He tells me some of his friends are being tortured by girls and he thinks they are dumb.

I nod my head and tell him if he wants to believe that it is ok.

“Dad, you think I am going to change my mind. I am not.”

“I think nature is fighting you on this one but I am not in any rush for you to change your mind.”

“Dad, why do you care if I get married or not?”

I smile and tell him that if it happens it is great and if it doesn’t and he is happy that is cool too.

And then I tell him to consider a few things about men and women.

“I am not going to talk to you about sex and how good that does or doesn’t feel. But I will tell you that the right girl/woman will change your life in ways you can’t appreciate or understand. She’ll open your eyes and you’ll open hers to experiences you can’t have any other way.

There is value in that.”

He nods his head, grumbles and walks out of the room.

I don’t tell him I saw a couple of girls staring at him at the movie theater and that I recognized the giggling.

No need to push any of this, it will happen in its time or it won’t.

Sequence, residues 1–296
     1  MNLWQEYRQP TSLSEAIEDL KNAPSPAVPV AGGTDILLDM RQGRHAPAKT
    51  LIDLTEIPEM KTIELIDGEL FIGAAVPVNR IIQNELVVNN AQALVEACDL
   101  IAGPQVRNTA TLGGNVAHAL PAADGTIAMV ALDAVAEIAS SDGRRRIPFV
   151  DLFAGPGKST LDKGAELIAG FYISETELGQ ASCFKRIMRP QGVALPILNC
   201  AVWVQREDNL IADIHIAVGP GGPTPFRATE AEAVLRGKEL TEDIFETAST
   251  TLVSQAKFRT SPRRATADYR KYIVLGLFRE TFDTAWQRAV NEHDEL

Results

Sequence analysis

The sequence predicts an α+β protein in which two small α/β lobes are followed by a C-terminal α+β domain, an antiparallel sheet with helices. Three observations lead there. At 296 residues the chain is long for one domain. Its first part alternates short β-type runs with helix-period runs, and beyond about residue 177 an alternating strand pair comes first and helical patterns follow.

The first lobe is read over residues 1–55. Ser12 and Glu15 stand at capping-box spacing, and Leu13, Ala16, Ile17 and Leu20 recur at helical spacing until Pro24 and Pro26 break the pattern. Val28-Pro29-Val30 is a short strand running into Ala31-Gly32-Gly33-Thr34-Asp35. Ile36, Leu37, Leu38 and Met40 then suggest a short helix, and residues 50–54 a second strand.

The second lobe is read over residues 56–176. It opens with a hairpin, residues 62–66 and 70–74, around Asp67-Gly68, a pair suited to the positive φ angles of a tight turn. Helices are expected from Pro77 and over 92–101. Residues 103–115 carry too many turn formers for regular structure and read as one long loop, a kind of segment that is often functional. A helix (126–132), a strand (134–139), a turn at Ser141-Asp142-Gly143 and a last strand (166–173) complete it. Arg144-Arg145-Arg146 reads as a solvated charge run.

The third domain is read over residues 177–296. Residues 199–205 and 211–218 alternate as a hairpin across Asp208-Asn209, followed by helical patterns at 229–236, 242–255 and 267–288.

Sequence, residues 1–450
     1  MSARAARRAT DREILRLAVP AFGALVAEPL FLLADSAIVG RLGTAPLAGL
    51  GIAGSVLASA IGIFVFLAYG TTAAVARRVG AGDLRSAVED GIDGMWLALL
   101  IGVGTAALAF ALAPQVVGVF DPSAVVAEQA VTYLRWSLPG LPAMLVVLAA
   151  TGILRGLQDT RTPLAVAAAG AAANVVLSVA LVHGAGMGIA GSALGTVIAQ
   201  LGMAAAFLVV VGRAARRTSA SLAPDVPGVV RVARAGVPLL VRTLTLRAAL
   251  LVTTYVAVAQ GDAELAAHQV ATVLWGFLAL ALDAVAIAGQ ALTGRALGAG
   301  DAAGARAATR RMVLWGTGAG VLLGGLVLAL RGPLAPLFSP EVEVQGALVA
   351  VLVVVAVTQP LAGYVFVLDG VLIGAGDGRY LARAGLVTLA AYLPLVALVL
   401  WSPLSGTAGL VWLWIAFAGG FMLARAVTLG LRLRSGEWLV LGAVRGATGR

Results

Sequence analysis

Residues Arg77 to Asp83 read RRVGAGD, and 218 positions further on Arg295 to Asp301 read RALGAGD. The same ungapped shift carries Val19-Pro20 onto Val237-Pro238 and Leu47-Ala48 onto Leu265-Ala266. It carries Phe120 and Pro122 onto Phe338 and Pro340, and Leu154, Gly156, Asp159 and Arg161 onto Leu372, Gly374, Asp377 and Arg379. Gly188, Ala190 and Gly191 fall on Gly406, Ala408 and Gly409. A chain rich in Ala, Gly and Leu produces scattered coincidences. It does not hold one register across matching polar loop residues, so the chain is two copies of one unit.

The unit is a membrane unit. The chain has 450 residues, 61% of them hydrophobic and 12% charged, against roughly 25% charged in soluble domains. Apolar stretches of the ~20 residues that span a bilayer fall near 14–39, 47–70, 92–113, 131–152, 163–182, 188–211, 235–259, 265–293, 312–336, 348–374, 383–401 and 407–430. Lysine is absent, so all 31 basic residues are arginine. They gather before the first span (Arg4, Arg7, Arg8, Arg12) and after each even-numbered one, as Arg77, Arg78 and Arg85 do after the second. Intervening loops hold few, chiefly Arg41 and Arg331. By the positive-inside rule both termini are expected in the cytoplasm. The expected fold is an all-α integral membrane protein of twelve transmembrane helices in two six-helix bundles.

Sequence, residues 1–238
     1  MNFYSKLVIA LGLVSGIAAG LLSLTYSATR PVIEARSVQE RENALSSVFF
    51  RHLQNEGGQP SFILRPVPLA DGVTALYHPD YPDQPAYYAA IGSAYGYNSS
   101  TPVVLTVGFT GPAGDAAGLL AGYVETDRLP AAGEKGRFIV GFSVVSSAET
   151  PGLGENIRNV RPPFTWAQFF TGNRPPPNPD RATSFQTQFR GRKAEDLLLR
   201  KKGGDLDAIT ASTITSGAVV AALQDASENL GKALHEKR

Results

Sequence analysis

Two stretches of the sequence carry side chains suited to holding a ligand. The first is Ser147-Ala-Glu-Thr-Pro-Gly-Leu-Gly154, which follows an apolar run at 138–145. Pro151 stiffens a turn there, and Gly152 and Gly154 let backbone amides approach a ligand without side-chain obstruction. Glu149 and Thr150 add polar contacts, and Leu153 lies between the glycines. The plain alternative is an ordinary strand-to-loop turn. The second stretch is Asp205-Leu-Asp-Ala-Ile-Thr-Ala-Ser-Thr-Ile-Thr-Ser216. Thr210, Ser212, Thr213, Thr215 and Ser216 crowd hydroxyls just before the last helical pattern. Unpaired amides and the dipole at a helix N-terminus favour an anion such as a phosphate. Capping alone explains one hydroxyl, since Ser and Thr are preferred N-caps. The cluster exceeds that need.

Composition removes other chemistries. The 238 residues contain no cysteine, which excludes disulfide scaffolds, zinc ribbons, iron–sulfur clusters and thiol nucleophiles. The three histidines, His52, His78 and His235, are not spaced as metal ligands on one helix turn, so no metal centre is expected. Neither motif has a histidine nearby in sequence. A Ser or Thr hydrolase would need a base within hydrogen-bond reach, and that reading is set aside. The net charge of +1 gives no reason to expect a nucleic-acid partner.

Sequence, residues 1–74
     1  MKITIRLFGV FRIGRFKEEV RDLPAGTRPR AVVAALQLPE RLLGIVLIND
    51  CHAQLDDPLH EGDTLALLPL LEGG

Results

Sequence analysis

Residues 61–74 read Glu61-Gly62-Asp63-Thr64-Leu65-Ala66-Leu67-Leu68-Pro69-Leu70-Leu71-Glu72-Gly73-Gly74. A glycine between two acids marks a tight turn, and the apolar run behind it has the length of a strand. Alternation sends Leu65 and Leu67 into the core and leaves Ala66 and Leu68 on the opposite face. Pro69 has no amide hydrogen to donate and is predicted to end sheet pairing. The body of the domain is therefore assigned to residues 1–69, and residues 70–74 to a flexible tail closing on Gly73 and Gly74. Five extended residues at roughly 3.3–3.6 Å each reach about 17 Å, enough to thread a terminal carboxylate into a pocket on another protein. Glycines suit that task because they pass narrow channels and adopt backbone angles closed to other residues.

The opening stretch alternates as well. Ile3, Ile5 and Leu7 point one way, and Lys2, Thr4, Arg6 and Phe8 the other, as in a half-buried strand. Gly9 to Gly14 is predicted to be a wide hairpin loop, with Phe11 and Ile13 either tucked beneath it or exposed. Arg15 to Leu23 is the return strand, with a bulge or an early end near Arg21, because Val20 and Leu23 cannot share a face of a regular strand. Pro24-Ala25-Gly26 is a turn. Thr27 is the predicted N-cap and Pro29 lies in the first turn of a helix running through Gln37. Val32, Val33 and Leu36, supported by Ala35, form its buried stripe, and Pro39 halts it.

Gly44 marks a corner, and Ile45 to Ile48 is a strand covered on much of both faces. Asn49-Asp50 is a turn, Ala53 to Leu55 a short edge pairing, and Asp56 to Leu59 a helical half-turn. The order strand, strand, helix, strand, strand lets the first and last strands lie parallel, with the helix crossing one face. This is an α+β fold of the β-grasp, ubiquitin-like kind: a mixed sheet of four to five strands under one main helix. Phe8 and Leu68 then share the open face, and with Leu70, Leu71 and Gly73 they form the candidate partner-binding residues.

Maybe he is right and I am wrong. Maybe he’ll never really be interested in girls, but methinks he doth protest too much, especially since he broached the conversation.


Parenting is the great contradiction of my life.

It is really hard and really easy, sometimes both at the same time.

The hard part is not now and has never been when the kids were infants or toddlers. The physical exhaustion was challenging but it was never as hard as the mental and physical stuff that comes when they are older.

Potty training and teaching them how to share had moments of frustration as did planning birthday parties for a three-year-old and 30 of their closest friends.

But it was nothing compared to now.

Trying to explain why people do or not do not do is a never ending Gordian knot.

But I can’t say I am surprised. All you need to know about logic and human behavior can be found on social media.

The day I noticed I was unfriended I got four new friend requests.

Life goes on. 🙂

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  1. Carolyn April 14, 2016 at 3:44 am

    The most difficult phase of childhood for a parent is the phase your kids are currently in. So, I agree with you, it’s tougher as the kids get older.

    I’ve been unfriended too on Facebook and when that happens I sometimes send them a friend request. I say, “I don’t know what happened but Facebook doesn’t list us as friends anymore.” Each time it has been accepted.

    Of course, some friendships are better ended…

    • Jack Steiner April 14, 2016 at 7:37 pm